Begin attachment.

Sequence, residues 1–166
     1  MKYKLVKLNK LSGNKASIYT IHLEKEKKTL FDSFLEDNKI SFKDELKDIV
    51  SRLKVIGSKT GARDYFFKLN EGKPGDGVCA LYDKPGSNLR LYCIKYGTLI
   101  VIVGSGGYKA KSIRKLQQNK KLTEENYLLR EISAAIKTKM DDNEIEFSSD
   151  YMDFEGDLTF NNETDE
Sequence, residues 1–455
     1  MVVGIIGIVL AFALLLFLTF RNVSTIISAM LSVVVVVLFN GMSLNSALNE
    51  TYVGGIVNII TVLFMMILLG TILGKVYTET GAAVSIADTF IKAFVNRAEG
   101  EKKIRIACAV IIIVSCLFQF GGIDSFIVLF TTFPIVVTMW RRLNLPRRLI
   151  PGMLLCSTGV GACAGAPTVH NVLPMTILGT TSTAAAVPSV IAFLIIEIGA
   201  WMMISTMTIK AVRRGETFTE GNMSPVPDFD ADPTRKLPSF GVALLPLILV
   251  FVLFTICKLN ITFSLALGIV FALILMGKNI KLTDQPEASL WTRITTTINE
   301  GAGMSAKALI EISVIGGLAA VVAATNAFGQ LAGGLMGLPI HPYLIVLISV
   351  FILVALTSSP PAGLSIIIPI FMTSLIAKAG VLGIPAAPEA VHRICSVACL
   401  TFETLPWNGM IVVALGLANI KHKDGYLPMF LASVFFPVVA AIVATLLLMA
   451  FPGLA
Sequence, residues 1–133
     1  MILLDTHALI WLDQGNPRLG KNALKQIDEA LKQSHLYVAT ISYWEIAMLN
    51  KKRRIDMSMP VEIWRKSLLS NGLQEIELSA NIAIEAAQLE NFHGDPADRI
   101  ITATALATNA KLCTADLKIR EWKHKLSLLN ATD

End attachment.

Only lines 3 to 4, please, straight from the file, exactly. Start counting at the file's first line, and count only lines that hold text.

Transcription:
    51  SRLKVIGSKT GARDYFFKLN EGKPGDGVCA LYDKPGSNLR LYCIKYGTLI
   101  VIVGSGGYKA KSIRKLQQNK KLTEENYLLR EISAAIKTKM DDNEIEFSSD